In preparation of this attack we need to disable the SMB and HTTP servers used by Responder otherwise we’ll get some conflicts between this and Multi-relay (example shown below).

nano /usr/share/responder/Responder.conf
Change the SMB and HTTP settings to ‘OFF’ and save the file.

Start Responder on local network adapter and give it the NetBIOS redirect and verbose flags.

Ensure that the SMB and HTTP servers are ‘OFF’ as Responder is starting:

Targeting specific host(s):

If you want to target a specific IP/range of IPs, you can edit Responder.conf and change the RespondTo argument. This is extremely useful when you have a specific target in sight and don’t want to potentially cause network-wide disruption. Additionally, it is also possible to specify the NBT-NS/LLMNR name by altering the RespondToName argument, although this is something I have yet to fully experiment with. In the following screenshot we have limited attacks to the host 192.168.10.17.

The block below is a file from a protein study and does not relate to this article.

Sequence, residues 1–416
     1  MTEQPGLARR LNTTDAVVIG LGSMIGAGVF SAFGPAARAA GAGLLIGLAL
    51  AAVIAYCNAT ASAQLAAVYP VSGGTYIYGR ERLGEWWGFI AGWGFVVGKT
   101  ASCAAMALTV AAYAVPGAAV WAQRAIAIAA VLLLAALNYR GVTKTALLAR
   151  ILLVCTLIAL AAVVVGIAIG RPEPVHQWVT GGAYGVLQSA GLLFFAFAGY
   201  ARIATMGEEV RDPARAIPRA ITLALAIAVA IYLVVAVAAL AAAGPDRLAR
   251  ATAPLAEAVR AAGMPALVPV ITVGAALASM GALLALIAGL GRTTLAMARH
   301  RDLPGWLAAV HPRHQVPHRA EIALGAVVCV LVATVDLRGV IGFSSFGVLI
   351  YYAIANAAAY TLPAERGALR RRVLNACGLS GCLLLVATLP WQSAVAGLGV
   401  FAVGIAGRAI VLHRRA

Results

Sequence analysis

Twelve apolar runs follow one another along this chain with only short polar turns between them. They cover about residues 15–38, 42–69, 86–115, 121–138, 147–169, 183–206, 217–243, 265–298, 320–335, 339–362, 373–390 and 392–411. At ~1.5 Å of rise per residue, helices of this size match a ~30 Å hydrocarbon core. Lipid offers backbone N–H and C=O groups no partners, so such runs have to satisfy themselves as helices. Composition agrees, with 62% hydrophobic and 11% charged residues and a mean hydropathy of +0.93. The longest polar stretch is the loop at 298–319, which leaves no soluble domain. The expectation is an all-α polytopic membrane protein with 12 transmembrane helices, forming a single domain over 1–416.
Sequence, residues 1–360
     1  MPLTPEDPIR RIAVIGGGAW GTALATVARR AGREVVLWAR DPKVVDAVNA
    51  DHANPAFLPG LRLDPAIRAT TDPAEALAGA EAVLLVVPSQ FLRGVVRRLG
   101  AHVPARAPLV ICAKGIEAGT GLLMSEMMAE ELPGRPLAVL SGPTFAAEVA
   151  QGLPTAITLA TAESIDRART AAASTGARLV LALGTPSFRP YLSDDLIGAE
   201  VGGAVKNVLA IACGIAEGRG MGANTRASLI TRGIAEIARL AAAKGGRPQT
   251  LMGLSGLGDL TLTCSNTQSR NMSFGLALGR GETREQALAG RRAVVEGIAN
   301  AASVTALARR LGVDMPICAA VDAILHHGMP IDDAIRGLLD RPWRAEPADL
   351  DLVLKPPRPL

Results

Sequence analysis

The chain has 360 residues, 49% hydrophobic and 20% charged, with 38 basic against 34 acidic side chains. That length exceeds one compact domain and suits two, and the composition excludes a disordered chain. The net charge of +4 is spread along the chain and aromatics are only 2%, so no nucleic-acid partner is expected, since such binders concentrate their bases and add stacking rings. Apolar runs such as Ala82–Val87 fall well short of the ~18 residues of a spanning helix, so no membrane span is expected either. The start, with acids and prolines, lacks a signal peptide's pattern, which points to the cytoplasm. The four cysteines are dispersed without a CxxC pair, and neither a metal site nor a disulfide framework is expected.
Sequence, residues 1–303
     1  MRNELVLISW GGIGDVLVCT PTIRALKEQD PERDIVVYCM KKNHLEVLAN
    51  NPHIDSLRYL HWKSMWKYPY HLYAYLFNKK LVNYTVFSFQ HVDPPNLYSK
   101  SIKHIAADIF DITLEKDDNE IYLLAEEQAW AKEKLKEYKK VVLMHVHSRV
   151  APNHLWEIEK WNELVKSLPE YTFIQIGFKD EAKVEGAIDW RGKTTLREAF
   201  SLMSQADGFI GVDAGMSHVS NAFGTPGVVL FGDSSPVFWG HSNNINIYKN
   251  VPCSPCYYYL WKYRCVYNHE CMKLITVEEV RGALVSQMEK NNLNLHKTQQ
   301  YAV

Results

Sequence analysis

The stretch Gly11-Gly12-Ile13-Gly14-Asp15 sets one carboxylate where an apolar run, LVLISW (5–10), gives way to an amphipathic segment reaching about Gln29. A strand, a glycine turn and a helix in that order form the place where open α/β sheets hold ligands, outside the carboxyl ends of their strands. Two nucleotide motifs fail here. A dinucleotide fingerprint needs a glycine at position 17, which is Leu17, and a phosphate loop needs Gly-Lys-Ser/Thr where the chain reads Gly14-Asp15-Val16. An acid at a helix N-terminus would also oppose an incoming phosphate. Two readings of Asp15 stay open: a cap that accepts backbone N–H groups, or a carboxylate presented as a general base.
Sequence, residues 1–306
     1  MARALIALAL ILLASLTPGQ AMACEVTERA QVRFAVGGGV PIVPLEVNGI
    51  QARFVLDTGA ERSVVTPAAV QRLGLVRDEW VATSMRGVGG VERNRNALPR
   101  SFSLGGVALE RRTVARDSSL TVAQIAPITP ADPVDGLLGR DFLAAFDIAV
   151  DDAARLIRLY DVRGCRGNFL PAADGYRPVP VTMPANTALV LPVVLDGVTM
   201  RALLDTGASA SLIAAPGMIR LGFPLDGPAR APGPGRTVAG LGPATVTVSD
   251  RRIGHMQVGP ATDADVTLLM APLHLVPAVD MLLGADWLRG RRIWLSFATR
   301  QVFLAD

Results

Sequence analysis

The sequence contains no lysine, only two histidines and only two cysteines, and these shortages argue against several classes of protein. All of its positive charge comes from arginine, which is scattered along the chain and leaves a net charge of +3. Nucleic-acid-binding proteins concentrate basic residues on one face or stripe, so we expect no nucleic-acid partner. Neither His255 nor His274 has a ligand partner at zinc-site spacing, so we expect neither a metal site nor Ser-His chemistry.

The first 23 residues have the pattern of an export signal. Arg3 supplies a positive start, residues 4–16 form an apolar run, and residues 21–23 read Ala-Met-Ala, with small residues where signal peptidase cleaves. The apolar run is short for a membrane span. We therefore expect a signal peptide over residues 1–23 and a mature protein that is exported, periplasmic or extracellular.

Listen only mode (analyse):

You can use Responder in listen only mode, i.e. analyse, but don’t actively respond to any requests. This can be achieved using the -A parameter and again this is a useful feature to see how chatty the network is without actively targeting any hosts.

Multi-relay attacks:

Things to Note

• The users targeted in MultiRelay with the -u flag, must be a local administrator on the target host. This usually isn't a problem in most Windows environments, but using 'ALL' will let you know if the user triggering the event has sufficient privileges.
• The payload for the -c flag can be changed to whatever you want, such as a Cobalt Strike beacon, a meterpreter shell, or just a Windows shell command. It’s up to you.
• NTLM relay attacks have been around since 2001!! This method can be used to quickly exploit this legacy vulnerability and, given the right circumstances, can take an attacker from 0 access to domain admin in a matter of minutes.